-Originally posted on April 5, 2019-
A new report says there are nearly 400 structurally deficient bridges in Washington. 19 of them are in Grays Harbor and 3 are in Pacific County.
The American Road & Transportation Builders Association recently released their 2019 Bridge Report, looking at bridges across the country.
Of the 8,278 bridges in Washington, 382 or 4.6% are classified as structurally deficient, which means that a portion of them are in “poor or worse condition.”
The number of structurally deficient bridges in the state has increased since the previous survey in 2014, when 353 bridges were in need of crucial repairs. The state has identified needed repairs on 6,080 bridges, which would cost an estimated $9.2 billion.
Bridges are rated on a number of criteria, with one being their “Sufficiency Rating”. The sufficiency rating indicates if a bridge is sufficient to remain in service. A bridge with 100% rating is entirely sufficient.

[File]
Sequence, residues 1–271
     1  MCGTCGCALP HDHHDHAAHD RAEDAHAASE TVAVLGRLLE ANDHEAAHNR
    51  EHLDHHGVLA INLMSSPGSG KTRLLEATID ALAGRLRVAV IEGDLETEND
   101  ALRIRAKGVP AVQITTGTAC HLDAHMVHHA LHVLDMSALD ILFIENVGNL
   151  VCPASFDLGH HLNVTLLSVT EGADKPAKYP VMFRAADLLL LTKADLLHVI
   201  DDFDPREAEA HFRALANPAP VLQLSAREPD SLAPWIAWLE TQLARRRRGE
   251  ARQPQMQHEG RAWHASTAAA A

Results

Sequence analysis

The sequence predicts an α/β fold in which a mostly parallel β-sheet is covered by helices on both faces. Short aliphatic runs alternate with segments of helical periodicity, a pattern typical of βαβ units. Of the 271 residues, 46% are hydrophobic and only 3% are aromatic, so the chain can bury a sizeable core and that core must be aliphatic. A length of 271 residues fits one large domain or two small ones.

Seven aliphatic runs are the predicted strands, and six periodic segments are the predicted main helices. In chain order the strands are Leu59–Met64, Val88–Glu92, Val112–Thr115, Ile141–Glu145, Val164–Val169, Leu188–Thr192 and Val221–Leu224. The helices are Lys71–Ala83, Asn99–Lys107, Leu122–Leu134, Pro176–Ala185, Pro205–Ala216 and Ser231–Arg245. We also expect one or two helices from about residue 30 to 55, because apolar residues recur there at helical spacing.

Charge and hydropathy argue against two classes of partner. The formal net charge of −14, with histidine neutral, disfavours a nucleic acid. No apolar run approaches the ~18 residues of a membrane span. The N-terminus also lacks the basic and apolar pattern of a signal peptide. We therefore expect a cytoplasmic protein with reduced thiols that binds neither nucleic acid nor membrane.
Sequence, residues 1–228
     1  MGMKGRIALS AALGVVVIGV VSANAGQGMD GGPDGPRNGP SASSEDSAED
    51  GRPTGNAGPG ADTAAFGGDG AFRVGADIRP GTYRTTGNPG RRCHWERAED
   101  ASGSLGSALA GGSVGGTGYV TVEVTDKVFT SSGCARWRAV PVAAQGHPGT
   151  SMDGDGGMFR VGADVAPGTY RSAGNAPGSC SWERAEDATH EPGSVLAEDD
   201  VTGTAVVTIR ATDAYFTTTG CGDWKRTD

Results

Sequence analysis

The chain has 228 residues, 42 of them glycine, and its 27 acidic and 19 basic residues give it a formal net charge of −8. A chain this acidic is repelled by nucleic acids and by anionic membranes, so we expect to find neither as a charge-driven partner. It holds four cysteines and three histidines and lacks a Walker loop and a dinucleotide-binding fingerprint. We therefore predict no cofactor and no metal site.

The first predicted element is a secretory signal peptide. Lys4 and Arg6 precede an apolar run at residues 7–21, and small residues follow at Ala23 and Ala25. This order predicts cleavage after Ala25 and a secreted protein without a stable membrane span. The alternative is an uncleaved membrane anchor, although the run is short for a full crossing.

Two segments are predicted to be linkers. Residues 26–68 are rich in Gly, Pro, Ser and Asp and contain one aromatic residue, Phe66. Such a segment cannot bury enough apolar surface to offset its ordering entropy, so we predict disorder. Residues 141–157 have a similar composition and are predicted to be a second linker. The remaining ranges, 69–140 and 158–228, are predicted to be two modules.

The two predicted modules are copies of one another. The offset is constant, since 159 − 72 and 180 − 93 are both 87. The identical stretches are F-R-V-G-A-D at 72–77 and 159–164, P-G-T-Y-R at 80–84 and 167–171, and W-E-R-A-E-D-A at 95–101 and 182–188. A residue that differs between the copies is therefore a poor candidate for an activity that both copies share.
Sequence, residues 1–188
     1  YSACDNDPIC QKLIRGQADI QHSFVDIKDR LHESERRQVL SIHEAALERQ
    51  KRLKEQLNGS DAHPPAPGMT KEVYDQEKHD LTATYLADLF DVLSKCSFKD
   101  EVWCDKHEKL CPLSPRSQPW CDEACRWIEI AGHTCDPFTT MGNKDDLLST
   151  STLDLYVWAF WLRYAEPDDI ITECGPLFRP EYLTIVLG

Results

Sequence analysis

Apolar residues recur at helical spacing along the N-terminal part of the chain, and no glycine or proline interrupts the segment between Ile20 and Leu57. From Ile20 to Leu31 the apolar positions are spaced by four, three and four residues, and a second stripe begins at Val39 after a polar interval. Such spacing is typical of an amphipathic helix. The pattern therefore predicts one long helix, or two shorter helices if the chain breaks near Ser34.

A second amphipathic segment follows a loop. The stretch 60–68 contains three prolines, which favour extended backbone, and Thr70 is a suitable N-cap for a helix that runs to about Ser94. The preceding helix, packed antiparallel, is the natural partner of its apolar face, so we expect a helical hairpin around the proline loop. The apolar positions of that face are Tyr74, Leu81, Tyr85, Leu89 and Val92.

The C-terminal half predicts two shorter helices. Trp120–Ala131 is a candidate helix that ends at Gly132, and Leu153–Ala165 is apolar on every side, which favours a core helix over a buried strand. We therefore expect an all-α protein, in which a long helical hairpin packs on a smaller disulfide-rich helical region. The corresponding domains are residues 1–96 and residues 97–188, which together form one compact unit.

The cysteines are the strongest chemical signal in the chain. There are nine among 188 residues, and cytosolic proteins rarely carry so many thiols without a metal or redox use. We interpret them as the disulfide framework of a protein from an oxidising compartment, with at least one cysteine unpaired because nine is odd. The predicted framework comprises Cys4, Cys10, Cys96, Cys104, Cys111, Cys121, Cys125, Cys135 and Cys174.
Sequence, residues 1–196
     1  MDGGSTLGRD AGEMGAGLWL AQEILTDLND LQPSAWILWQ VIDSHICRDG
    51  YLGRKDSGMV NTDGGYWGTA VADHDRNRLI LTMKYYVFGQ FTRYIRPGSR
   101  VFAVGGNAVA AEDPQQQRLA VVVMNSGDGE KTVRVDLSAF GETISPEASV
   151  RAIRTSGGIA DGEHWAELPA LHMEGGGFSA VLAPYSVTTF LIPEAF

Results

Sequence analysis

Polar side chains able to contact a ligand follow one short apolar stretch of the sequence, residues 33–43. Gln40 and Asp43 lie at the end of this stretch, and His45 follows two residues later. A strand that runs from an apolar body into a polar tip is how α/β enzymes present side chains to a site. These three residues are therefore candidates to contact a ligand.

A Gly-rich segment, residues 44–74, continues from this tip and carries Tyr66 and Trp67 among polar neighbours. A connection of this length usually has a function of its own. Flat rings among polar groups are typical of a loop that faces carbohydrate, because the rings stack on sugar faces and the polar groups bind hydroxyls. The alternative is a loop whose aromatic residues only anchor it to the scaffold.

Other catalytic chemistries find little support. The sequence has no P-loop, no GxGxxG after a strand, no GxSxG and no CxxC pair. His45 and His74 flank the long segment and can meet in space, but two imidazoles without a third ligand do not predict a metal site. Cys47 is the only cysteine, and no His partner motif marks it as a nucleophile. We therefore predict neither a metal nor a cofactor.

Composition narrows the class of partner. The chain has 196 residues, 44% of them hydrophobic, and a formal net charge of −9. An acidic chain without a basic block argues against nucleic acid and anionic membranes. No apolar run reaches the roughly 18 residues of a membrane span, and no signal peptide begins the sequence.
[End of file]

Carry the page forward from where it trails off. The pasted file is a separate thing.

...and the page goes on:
Locally, the bridge with the lowest rating is a bridge on the Mox Chehalis Road over Mox Chehalis Creek, which holds a 14.20% sufficiency rating. The most notable bridges listed as Poor/Structurally Deficient include the Chehalis River Bridge in Aberdeen, built in 1955 and the Heron Street Bridge, which is currently in the planning stages for replacement
The Chehalis River Bridge shows the highest local traffic, with over 26,000 daily travelers. The report states that the superstructure of the bridge is in poor condition, while the underclearance and “Approach roadway Alignment“ are “Basically intolerable requiring high priority of corrective action”. Estimated costs to make improvements on the bridge are listed at over $25 million.
We have the full list of local bridges as well as their ratings at the following link.